New Car/Review

Toyota

Toyota Echo 4-Door (2000)

SEE ALSO: Toyota Buyer's Guide

By Matt/Bob Hagin

SPECIFICATIONS
     Manufacturer's Suggested Retail Price              $ 10,295
     Price As Tested                                    $ 14,264
     Engine Type        VVT-I DOHC 16-valve 1.5 Liter I4 w/SMFI*
     Engine Size                                  91 cid/1497 cc
     Horsepower                                   108 @ 6000 RPM
     Torque (lb-ft)                               105 @ 4200 RPM
     Wheelbase/Width/Length                   93.4"/65.4"/163.3"
     Transmission                              Five-speed manual
     Curb Weight                                     2059 pounds
     Fuel Capacity                                  11.9 gallons
     Tires  (F/R)                                     P175/65R14
     Brakes (F/R)                          Disc (ABS)/drum (ABS)
     Drive Train                  Front-engine/front-wheel-drive
     Vehicle Type                       Five-passenger/four-door
     Domestic Content                                       None
     Coefficient of Drag (Cd.)                              0.29

PERFORMANCE

     EPA Economy, miles per gallon
        city/highway/average                            34/41/38          

     0-60 MPH                                        9.5 seconds
     1/4 (E.T.)                          17.5 seconds @ 78.5 mph
     Top speed                                               N/A
                 * Sequential multi-port fuel injection

(The Echo is Toyota's new entry-level vehicle and it's targeting the kid market, ages 18 to 29 says Matt Hagin. Bob Hagin recalls that when the first "entry-level" Toyota appeared here, he was a "kid" himself.)

MATT - Toyota is concerned that its customers are aging and that their children are growing up without Toyota brand loyalty. The Baby Boomers are more interested in looking sharp and driving fast, while their offspring are into practicality and protecting the environment, according to Toyota research. The new Echo is the result of its interpretation of what the up-and-comers want. The concept is very popular both in Japan and in Europe. Vehicles that are economical, easy to get into and out of and are easy to maneuver and park are the most popular. Other automakers are onto this and there's already a domestic that's going for a piece of this upcoming market niche.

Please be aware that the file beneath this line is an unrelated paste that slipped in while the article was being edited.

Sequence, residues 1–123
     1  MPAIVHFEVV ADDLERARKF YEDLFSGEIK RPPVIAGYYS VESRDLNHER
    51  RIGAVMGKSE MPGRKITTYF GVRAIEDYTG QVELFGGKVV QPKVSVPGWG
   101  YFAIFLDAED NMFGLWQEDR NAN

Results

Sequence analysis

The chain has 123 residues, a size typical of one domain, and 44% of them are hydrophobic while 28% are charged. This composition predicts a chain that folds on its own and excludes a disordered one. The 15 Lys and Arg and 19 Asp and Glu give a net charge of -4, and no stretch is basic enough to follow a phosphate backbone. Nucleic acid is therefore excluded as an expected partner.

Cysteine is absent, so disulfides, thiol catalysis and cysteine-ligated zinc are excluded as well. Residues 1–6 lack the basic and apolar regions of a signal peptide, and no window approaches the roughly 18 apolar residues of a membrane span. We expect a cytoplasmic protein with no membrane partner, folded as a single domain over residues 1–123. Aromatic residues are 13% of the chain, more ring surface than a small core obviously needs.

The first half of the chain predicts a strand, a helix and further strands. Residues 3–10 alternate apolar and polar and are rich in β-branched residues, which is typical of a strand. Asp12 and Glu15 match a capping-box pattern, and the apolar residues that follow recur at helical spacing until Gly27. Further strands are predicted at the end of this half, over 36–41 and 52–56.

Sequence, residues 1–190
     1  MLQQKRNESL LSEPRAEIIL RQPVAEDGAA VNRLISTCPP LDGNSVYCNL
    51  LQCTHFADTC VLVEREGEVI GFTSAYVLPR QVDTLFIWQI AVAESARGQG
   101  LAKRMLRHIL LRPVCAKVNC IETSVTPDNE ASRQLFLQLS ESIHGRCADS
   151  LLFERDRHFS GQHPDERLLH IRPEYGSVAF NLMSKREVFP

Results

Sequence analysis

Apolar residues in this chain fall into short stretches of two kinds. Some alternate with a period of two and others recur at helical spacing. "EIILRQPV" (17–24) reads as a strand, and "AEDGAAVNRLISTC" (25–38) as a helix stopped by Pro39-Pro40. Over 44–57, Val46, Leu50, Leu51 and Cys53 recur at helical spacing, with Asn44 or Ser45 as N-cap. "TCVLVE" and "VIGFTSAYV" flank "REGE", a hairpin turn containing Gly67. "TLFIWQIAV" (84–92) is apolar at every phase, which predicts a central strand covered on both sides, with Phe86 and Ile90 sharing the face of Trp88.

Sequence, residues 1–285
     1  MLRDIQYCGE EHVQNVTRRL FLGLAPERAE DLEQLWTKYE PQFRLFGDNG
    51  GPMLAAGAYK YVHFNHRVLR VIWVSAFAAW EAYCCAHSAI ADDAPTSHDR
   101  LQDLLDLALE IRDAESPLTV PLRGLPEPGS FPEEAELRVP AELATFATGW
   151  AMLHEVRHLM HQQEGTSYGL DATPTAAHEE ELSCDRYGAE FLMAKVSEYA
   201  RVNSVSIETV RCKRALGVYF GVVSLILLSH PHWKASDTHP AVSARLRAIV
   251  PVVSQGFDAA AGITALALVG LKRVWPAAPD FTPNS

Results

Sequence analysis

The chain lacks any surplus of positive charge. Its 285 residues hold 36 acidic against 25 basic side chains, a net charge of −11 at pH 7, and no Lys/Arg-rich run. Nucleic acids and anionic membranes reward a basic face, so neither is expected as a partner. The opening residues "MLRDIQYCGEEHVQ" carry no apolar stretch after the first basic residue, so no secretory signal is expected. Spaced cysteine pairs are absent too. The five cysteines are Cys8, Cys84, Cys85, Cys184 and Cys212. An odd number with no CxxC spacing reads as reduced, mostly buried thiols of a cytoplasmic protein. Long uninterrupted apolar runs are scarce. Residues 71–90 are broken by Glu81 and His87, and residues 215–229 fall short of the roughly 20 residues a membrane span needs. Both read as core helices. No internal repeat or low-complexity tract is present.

BOB - The Echo is the kind of car that takes some getting used to and its parameters remind me a lot of the British and European sedans that were brought over here in the late '40s and early '50s. They were tall and relatively easy and inexpensive to drive compared to the behemoths that American automakers produced. The Echo is built along these lines, but it takes advantage of modern technology. The engine is pretty small at 1.5 liters, but it uses a twin-cam head with four valves per cylinder and a variable valve timing system. It has a relatively long piston stroke, too, and the combination results in 108 horsepower and 105 pound-feet of torque. At 34 MPG around town and 41 on the highway, fuel mileage is excellent for a car that will comfortably seat four adults and still stay up with traffic.

MATT - The transmission in our test machine was a five-speed manual and that probably accounts for a big reason behind that high fuel mileage. With a manual gearbox, Echo's driver can keep the engine within its maximum power range during acceleration, but keep the revs down on in fifth on the freeway for better gas mileage. There's also a four- speed automatic available and although it's not as sporting as the manual, it will no doubt be chosen by the vast majority of future Echo buyers. I found the engine became somewhat "buzzy" at high RPMs. The instrument panel amounts to a "pod" right in the center of the dash between the driver and front passenger. It's angled toward the driver's seat, though, and it obviously wouldn't take much to flip it toward the right side for right-hand-drive countries. It's obviously a move to make this platform and body style a "world car," and it's working well. A tachometer would have made it easier to stay on the power-band as we drove through the mountains but I guess eliminating a tach is part of Toyota's program of making this "entry-level" car more affordable.

BOB - Echo can be dressed-up with/ lots of equipment, Matt. In the case of the car we tried for a week, it was fitted with enough fancy items to add quite a bit to the base price of the car. For the Gen-X market group, having a deluxe sound system with six speakers is more important that having a tach, a temperature warning gauge and a charging system meter. In fact, the Echo probably doesn't need those items because one of Toyota's greatest strengths is its reputation for reliability. The suspension system is very straight forward and relatively inexpensive, too. The front end uses MacPherson struts and the rear layout is hung on a simple twist-beam axle. The combination of disc brakes in front and drum brakes in the rear is also an economy measure, but I feel that disc brakes all the way around is worth extra money.

MATT - Dad, this car is so light, it doesn't need better brakes. But it's going to be interesting to see if the internet generation will pass on fancy esthetics and go for practical cars like the Echo.

BOB - All Toyota has to do is slap on some cool graphics and it will sell like crazy.

MATT - Dad, this isn't 1960. Young people are much more sophisticated these days. Goofy car graphics went out with paisley ties, go-go dancers and bell-bottoms pants.

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